Research shows, though, that people who incorporate humor into their business are more successful. We gravitate toward people who seem more like us, and humor helps accomplish that.
On today’s episode of The Sales Evangelist, we’re talking with Marty Wilson, a pharmacist-turned-stand-up-comic who understands the power of humor in sales transactions.
Our brains naturally separate people into “us” and “them,” a throwback to the tribal days of humans. Each of us considers a small group of people part of the “us” group; the rest are “them.”
Humor builds rapport and helps people identify us as part of their group, so we’re no longer part of the “them” group.
Use humor to improve rapport
We’re all sales-savvy because we’ve been sold to so often. When we perceive someone selling something to us, red flags go up.
Sales professionals must convince people to “know, like and trust.” You can’t afford to be boring. The market is overcrowded, and you must somehow make yourself memorable.
Accomplish that by building rapport. Humans trust people who can smile when everyone else is stressed. It suggests psychological stability, and we gravitate toward it.
Funny makes ideas stick. We remember funny commercials and funny jokes because funny implants in our brains more easily than facts.
People listen to your message after you build rapport.
Don’t take yourself too seriously
There are three things you can always laugh at:
- common enemies
- shared frustrations
When you can laugh at things happening behind the scenes, customers believe that you understand the industry. If you tell funny stories about the things your customer laughs about behind closed doors, you become an “us” instead of a “them.”
Car salesmen, for example, might joke about the price of oil or government regulation in the car industry.
Take what you do seriously, but don’t take yourself too seriously. When you can laugh at yourself, or even at the difficulty of the negotiation process, it suggests an inner peace.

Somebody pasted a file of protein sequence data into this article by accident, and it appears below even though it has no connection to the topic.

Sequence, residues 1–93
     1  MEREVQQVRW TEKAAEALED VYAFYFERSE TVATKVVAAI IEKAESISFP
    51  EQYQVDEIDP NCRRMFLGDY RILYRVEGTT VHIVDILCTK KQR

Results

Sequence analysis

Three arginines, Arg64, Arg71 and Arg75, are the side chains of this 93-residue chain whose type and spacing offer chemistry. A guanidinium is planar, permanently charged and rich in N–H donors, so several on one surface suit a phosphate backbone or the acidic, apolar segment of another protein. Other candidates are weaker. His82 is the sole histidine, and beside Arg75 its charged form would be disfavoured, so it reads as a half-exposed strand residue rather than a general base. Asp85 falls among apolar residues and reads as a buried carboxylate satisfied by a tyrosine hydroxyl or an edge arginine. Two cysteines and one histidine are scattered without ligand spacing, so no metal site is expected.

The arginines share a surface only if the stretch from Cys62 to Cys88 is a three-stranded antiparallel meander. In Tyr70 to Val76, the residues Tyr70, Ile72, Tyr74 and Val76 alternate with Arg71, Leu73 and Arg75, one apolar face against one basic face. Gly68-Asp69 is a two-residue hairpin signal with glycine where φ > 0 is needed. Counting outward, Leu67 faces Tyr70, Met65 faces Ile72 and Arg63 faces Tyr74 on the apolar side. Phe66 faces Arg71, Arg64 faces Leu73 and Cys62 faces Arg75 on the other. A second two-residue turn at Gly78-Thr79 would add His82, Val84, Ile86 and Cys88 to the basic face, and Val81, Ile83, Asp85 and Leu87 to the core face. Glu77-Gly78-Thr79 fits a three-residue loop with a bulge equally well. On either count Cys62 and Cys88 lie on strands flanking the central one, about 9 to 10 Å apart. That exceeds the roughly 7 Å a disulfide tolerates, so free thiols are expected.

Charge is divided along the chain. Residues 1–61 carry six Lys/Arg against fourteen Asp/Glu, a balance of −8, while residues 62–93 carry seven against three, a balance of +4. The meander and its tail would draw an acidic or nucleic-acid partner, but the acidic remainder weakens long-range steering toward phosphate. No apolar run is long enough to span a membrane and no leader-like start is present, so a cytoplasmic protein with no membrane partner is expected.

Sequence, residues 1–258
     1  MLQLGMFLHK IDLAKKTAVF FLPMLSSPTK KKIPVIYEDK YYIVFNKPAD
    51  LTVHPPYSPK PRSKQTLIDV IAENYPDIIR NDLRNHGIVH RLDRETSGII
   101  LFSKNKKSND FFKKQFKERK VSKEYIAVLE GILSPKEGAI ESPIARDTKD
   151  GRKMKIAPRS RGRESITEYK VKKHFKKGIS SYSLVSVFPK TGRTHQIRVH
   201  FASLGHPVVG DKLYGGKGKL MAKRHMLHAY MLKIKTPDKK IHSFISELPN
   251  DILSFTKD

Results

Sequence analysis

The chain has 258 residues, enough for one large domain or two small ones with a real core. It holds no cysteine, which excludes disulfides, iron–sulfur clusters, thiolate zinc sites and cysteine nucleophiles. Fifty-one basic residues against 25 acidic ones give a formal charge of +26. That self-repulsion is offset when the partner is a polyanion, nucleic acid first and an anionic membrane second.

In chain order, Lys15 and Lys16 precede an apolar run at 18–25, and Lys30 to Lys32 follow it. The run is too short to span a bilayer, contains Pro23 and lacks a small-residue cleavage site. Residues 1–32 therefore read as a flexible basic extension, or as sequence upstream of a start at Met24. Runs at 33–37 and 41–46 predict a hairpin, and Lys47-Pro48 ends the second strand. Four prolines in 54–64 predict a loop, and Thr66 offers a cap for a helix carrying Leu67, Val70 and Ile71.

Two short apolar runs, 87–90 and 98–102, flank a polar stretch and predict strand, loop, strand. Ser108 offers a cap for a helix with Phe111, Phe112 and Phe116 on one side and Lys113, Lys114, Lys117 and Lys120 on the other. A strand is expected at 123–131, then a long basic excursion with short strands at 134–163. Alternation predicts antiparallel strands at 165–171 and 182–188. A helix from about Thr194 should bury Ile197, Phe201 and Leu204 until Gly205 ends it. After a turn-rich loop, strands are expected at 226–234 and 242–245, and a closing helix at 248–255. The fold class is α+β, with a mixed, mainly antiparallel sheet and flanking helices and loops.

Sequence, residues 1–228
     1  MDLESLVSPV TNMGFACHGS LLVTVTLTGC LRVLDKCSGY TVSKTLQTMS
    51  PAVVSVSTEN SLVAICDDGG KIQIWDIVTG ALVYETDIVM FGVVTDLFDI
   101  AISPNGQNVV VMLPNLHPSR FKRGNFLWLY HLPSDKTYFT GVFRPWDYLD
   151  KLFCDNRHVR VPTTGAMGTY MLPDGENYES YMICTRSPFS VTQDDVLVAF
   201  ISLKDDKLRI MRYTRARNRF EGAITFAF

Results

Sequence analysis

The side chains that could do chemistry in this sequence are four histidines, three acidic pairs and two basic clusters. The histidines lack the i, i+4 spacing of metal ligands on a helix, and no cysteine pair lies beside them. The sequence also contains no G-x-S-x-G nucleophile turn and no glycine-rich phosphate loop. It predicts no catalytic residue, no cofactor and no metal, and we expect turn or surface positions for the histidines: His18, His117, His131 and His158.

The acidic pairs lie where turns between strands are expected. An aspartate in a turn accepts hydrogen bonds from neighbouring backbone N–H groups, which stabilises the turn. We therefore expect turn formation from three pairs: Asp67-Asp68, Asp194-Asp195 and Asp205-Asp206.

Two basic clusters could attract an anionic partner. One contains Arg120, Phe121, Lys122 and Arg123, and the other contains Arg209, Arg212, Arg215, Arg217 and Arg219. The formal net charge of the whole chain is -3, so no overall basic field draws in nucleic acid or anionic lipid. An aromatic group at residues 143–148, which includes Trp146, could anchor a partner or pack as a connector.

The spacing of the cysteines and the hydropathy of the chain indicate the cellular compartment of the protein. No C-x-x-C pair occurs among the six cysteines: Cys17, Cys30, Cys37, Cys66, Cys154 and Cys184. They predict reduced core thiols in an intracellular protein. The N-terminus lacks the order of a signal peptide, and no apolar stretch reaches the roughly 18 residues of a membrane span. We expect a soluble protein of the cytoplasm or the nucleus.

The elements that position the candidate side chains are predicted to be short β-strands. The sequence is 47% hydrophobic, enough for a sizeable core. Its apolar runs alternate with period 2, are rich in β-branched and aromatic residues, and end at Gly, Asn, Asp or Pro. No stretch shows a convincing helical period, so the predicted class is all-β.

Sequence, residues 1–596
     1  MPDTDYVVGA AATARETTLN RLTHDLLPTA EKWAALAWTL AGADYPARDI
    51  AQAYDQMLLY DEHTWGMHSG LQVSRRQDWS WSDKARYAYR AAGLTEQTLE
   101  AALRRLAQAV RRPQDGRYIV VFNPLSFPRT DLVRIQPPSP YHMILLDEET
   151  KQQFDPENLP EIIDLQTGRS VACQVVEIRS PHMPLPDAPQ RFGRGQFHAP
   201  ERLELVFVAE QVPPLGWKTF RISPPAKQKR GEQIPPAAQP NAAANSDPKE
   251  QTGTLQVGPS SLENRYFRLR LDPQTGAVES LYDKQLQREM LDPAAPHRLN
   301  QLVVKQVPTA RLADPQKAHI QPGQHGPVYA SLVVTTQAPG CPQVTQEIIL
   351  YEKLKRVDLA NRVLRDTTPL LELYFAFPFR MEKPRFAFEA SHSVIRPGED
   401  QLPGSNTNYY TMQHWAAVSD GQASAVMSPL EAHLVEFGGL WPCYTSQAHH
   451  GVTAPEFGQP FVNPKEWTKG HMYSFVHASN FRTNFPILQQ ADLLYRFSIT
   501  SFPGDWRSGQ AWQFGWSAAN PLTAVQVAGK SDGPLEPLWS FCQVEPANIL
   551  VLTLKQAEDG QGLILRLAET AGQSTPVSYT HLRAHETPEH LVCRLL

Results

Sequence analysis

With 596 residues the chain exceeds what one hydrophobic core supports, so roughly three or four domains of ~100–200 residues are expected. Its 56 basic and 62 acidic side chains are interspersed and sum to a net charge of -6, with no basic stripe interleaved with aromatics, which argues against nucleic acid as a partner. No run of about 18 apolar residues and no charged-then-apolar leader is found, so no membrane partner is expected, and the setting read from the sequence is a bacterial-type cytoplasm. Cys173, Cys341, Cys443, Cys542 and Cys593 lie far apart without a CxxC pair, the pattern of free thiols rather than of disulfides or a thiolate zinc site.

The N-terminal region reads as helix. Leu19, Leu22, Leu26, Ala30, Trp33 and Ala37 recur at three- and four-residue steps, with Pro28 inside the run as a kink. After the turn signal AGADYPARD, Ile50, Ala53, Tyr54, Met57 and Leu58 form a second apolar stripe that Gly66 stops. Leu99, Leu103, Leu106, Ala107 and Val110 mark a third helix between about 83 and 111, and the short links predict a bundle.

Acknowledge the obvious
Acknowledge the fact that negotiations are the most difficult part of the sales process. Make a good-natured joke about your sales competitors.
If you can prompt even 10 percent of the people in the audience to laugh, you’ll increase your likability, even among the people who didn’t laugh. Using gentle humor to acknowledge the stress in the process will make you truthful and trustworthy.
Marty Wilson has a new book out called More Funny, More Money plus a free Masterclass about using humor to increase revenue. You’ll also find information about private coaching, video courses, and Marty’s TED Talks.
Connect with Marty at martinwilson.com for keynote speaking engagements and a collection of informational videos.
If your sales results aren’t a laughing matter, consider joining The Sales Evangelist Hustler’s League, an online coaching program focused on building value and closing more deals.
Our new semester begins April 26, and we have a few seats available. We’d be honored if you’d join us.
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